Apparently responding to frequent complains about the price of broadband Internet access in Australia, the Internet Industry Association claims that – au contraire – we’re getting more bang for our Internet bucks.
“ustralian Net users are getting more Internet use for the same money,” the IIA claims, quoting research conducted on its behalf for its quarterly Spectrum / IIA Broadband Index.
The average cost per gigabyte has dropped as plans have become more competitive, the association claims. It says average cost of data was $80 a gigabyte at the start of 2007, but fell to $52 per gig by Q4 2007.
“Competition is driving data caps up. This allows Australian households to access higher bandwidth applications (especially those with high video or audio content) without worrying about going over their monthly limit,” said Peter Coroneos, IIA’s chief executive.
Competition at the top end of the market meant that many customers on low speed plans would actually save money if they upgraded. For example, according to Coroneos, a user with “medium” data requirements would be better off selecting an ADSL2+ 17Mbps plan (if available) than with a lower speed cable or ADSL plan.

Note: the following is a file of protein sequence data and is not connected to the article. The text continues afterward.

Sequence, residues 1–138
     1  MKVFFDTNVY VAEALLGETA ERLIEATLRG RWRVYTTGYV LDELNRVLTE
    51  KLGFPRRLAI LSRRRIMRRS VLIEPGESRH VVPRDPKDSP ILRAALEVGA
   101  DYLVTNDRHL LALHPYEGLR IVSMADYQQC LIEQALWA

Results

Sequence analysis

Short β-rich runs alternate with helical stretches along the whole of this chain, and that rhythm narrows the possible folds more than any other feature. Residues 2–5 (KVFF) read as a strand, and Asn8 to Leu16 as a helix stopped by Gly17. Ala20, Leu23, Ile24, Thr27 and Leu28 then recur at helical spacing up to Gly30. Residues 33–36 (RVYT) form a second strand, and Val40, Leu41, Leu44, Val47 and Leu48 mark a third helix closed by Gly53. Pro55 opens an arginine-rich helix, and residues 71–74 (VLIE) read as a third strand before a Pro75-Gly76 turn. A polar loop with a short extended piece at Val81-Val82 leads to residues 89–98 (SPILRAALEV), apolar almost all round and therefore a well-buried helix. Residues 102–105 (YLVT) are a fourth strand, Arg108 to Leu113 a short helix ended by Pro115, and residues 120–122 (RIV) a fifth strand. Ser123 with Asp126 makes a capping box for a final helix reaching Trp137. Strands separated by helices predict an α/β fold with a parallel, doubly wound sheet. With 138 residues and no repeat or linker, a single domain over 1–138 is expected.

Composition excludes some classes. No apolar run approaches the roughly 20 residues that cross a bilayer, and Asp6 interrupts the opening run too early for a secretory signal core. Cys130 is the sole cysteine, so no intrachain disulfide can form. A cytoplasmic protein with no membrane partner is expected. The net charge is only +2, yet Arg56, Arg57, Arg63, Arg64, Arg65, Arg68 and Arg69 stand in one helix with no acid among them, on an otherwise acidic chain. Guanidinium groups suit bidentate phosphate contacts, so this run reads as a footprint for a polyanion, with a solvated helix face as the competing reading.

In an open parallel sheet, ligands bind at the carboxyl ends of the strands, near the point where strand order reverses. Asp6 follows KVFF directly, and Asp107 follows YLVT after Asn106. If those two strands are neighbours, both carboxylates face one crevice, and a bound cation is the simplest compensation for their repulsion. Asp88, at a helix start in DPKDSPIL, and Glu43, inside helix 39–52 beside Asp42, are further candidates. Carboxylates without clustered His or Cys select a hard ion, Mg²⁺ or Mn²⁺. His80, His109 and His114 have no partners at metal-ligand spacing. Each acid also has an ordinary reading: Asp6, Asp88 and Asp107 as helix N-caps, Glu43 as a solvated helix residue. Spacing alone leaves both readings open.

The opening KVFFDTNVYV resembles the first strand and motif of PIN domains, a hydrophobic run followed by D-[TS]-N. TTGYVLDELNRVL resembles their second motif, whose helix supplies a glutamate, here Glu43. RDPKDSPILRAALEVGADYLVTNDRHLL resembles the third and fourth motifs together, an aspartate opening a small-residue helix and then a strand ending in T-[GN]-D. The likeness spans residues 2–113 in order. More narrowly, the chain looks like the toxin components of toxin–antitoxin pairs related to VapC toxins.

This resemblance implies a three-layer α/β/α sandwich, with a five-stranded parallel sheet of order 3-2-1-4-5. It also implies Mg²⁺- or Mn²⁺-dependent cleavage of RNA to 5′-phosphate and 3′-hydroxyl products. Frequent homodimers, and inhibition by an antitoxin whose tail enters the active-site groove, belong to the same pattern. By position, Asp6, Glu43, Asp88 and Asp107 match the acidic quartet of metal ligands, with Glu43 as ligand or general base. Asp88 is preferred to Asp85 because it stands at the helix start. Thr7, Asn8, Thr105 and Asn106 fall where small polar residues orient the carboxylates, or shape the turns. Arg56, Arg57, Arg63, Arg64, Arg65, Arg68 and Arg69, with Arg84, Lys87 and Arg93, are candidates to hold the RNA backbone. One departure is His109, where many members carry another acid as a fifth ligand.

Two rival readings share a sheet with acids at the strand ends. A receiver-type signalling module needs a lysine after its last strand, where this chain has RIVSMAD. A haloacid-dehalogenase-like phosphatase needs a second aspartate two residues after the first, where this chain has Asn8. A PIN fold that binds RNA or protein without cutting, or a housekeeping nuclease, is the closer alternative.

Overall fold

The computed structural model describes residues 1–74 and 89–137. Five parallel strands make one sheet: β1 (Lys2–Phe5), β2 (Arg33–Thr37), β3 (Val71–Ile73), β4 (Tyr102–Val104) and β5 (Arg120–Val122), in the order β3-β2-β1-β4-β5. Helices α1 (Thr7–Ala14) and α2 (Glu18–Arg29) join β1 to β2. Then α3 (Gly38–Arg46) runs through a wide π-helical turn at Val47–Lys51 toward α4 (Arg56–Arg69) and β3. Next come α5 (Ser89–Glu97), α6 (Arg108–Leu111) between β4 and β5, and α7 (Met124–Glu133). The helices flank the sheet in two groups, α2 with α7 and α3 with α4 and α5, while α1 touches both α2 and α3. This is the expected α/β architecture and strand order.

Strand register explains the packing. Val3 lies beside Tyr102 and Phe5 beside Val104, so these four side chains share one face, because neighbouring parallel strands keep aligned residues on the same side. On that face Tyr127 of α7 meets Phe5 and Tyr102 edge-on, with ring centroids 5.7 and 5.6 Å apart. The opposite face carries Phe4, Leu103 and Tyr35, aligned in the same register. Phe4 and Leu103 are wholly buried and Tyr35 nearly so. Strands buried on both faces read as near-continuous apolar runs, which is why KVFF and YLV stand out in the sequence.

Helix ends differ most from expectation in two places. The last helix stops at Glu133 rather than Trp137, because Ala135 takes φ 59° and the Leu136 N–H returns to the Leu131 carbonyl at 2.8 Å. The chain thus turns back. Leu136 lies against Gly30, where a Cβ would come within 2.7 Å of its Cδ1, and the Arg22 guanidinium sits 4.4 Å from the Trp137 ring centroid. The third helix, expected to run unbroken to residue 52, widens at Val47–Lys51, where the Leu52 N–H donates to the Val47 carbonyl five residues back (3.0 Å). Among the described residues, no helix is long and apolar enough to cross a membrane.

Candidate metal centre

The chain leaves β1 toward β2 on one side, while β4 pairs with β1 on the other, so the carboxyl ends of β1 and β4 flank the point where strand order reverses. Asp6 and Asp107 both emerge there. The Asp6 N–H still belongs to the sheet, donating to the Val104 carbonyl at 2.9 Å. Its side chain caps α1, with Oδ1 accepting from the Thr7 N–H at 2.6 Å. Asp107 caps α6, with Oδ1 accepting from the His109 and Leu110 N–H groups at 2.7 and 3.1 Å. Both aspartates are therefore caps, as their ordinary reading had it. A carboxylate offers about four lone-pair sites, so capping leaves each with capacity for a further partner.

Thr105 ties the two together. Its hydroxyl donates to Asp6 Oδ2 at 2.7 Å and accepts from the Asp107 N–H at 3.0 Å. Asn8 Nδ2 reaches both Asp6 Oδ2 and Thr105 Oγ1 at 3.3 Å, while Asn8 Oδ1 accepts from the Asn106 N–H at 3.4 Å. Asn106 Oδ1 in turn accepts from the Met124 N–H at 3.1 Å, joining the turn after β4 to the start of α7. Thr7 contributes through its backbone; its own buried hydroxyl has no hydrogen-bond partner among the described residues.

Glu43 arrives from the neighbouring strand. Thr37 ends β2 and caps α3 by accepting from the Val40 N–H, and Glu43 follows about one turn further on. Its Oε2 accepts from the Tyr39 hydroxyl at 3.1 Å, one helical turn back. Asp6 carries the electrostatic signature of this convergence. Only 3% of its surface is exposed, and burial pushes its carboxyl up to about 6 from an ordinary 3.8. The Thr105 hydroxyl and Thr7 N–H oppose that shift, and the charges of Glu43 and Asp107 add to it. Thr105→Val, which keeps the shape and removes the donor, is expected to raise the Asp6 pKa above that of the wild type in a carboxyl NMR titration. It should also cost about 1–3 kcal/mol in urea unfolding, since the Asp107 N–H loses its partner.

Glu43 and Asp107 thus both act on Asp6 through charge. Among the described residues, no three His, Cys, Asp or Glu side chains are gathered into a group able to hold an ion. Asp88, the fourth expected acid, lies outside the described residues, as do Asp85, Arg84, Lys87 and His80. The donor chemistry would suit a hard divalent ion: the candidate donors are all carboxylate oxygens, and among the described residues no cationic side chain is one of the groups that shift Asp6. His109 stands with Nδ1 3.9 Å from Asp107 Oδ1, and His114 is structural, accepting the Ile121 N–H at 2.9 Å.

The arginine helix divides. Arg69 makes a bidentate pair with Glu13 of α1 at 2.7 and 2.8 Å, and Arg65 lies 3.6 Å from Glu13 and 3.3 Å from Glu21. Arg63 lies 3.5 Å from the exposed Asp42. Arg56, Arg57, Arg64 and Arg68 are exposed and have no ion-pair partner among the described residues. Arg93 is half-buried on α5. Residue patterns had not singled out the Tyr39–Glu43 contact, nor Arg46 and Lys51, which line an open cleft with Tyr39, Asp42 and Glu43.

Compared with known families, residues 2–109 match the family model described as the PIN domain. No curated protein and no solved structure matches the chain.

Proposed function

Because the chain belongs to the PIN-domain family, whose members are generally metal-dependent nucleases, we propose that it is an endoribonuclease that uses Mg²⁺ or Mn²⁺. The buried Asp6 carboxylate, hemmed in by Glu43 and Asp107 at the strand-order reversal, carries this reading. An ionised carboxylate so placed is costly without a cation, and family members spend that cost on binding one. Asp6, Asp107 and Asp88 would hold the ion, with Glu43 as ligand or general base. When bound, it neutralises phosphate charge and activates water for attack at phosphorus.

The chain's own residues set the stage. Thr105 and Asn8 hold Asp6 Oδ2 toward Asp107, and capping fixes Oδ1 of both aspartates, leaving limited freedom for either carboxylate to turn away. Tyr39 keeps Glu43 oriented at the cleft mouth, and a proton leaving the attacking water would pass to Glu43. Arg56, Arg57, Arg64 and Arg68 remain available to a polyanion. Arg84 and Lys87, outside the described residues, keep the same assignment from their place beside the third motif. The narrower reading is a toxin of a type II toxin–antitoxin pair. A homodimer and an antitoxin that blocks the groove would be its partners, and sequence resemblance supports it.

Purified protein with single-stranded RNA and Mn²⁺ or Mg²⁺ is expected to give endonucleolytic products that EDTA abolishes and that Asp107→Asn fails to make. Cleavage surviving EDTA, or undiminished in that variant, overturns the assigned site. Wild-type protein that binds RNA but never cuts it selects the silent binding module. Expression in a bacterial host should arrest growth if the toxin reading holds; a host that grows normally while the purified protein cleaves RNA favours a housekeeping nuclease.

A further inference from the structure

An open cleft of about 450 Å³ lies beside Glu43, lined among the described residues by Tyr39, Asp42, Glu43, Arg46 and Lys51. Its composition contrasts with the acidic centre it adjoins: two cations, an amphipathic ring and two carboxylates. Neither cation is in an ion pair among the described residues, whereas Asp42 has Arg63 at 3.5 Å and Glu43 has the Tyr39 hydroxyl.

Applause for Pipe
The survey found the sizes of data caps have continued to increase, while average cost of data continued to decrease. The average data cap per standalone plan of ISPs surveyed is put at 8GB a month compared to 6GB a month at the beginning of the year.
Noting that the costs of importing data from the US are high and must be passed on to end users, Coroneos applauded the move by Pipe Networks to build a new overseas cable from Australia to Guam (CDN, Tuesday).
The Spectrum / IIA Broadband Index compares more than 150 plans from five major Australian ISPs: Telstra, Optus, Primus, iiNet and Unwired. It can be downloaded from www.iia.net.au.